Santa Cruz was the first county in the U.S. to tax single-use cups. At the time, it estimated the tax would raise $700,000 a year. But staff now say the tax will likely bring in just $280,000 a year, or about 40% of originally projected revenue, in part because the county has no central way to track the number of businesses giving out disposable cups, nor how many are complying with the program.
Santa Cruz County’s disposable cup tax is set to raise less than half of what was initially projected when voters passed the measure last year, in part because officials say they don’t have any good way of tracking how many businesses are required to collect the tax.
Approved by the county board of supervisors in 2019, the tax was the first in the nation on disposable cups, though its implementation was delayed until last July because of the pandemic.
Voters passed Measure C in June 2022, authorizing revenue from the 25-cent single-use cup charge to be split equally between the county and the affected businesses. At the time, the county estimated the tax would raise $700,000 a year for the county’s general fund. But staff now say the tax will likely bring in just $280,000 a year, or about 40% of originally projected revenue.
County Budget Manager Marcus Pimentel said the missed projections are largely because the program has seen fewer businesses complying with the tax than initially anticipated. Originally, county staff thought that there would be 304 businesses collecting the tax, but the true number turned out to be 67 — just 22% of projections.
Pimentel said the county has struggled to accurately estimate how many businesses would be subject to the tax because it has no centralized way to track the number of companies within its boundaries that are giving out disposable cups. Such establishments also frequently change ownership and management, which has complicated the county’s efforts to reach out and notify businesses about the tax.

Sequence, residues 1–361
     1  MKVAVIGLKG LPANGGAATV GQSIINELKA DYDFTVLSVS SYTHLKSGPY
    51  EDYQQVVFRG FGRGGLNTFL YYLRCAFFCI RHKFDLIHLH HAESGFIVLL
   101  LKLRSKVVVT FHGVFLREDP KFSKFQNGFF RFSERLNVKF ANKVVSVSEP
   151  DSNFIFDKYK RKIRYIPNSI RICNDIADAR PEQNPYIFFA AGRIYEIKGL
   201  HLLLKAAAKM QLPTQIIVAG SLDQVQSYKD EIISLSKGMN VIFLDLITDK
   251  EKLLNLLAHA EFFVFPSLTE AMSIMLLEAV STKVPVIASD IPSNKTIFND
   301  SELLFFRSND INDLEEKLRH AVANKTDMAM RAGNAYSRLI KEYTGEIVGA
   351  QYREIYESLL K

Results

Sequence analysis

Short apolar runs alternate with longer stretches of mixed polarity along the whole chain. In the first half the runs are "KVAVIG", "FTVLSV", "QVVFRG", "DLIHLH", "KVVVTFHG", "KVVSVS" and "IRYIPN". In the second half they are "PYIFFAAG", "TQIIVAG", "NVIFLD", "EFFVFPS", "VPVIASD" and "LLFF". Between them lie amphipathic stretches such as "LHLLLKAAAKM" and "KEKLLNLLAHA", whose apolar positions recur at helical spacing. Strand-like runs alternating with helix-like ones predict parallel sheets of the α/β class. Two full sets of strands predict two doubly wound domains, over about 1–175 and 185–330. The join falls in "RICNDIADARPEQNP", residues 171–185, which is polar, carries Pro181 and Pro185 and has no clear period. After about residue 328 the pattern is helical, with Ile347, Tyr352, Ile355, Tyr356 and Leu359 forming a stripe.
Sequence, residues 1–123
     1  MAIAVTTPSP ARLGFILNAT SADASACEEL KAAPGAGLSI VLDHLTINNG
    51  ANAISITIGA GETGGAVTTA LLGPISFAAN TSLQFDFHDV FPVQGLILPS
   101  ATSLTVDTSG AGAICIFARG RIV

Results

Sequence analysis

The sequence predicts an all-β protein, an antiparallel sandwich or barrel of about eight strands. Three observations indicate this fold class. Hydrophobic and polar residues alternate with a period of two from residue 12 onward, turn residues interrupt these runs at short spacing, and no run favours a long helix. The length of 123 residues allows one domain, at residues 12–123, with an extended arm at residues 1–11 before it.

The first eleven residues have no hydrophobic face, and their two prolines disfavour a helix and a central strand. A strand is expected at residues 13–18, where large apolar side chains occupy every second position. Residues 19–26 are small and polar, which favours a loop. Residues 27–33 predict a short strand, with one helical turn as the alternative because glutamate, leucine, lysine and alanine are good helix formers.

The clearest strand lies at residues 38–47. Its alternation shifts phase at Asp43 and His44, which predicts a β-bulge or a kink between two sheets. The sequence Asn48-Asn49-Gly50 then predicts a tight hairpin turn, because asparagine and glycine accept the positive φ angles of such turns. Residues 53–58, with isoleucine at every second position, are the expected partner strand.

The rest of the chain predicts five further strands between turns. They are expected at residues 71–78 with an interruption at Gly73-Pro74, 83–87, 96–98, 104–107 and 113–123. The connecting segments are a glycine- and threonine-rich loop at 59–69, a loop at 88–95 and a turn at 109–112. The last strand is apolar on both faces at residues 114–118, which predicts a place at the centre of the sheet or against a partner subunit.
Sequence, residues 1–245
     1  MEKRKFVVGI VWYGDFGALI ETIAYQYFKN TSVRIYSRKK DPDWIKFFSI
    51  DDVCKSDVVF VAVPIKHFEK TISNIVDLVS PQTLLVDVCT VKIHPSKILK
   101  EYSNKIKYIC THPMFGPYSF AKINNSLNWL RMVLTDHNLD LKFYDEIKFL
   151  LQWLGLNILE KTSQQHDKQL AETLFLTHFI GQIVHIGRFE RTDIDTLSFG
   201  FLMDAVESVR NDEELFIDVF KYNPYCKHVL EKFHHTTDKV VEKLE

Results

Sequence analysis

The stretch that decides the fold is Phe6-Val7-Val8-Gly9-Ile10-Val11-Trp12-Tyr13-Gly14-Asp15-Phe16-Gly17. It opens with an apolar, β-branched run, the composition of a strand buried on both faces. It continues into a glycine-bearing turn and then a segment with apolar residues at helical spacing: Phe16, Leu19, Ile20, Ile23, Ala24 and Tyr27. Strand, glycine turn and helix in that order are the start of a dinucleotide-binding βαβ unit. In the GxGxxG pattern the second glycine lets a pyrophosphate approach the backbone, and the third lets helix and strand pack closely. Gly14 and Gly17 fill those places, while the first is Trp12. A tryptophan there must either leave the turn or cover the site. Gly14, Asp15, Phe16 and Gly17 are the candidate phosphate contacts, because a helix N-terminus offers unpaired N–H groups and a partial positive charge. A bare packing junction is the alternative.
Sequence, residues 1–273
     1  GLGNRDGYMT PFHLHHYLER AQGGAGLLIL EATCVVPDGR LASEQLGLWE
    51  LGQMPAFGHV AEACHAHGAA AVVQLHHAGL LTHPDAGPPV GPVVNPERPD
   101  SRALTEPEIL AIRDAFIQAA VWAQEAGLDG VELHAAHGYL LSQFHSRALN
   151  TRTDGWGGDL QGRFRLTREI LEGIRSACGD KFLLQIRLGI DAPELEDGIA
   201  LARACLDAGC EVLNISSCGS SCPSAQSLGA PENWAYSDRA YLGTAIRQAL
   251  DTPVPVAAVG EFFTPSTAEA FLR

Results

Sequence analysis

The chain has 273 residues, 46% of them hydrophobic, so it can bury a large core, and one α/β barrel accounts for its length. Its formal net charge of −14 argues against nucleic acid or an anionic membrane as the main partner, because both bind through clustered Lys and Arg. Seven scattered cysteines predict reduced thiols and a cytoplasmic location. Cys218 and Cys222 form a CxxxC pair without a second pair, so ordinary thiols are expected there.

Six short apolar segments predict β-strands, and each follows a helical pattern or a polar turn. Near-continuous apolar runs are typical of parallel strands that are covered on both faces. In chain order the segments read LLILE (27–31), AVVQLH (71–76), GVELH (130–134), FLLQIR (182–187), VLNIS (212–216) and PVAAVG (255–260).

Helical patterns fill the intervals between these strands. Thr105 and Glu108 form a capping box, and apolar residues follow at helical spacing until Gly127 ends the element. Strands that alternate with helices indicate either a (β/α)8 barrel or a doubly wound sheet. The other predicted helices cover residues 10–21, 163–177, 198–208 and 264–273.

“Unlike cities that I’ve worked in in the past, we don’t have what’s typically referred to as your business license database,” Pimentel told Lookout, adding that the county relies on sources like food licensing and environmental health data to make its predictions. “That’s been a particular challenge in projecting the estimates and that’s how we were led to look like there’s 300 or so businesses who could be using disposable cups.”
County Auditor-Controller and Treasurer-Tax Collector Edith Driscoll told Tuesday’s board of supervisors meeting that staff are already beginning to ramp up their outreach and enforcement efforts among local businesses.
“It’s really just helping them realize how to connect to the tax and who to turn it in to,” said Driscoll. “If an entity is not making a payment and we anticipate they should, they receive a past-due notice.”
On Tuesday, supervisors unanimously approved a plan by staff to revise parts of the county budget to account for the revenue shortfall from the disposable cup tax. Until now, revenue from the tax was not directed toward any specific program.
That plan will see $100,000 go toward parks, open spaces and cultural services for things like park maintenance and beach cleanups. Another $100,000 will be put toward cleaning up illegal dumping, while each of the five supervisorial districts will receive $10,000 to go toward board-designated programs. Some $30,000 will be set aside to cover tax compliance and administrative costs.
Pimentel said the county is working to boost compliance with the tax by 75% — which would get the number of compliant businesses from 67 to around 117 during this fiscal year. Pimentel said that “is a big number, but we feel that we can get there.”
However, he said the county will probably not ever get to the 304 businesses initially estimated to be subject to the tax, as it is unlikely that every business will comply. He predicted that a more realistic target was “maybe low 200s.”
During Tuesday’s supervisors meeting, Driscoll said 157 establishments have already set up accounts in the county’s online payment system this year.
And even though the tax has not generated the amount of revenue the county initially hoped for, Pimentel said that isn’t necessarily a negative thing because the goal of the program was always to reduce — or eliminate — the use of disposable cups.
“From a policy standpoint, in the long run, there are no disposable cups, so we don’t have to worry about it,” he said.
Fifth District County Supervisor Bruce McPherson agreed: “We didn’t get the revenue we anticipated, but behavioral changes, I think, are more important,” he said during Tuesday’s meeting. “So it’s a win-win.”
The revised plan will be incorporated into the 2023-24 fiscal year adopted budget.
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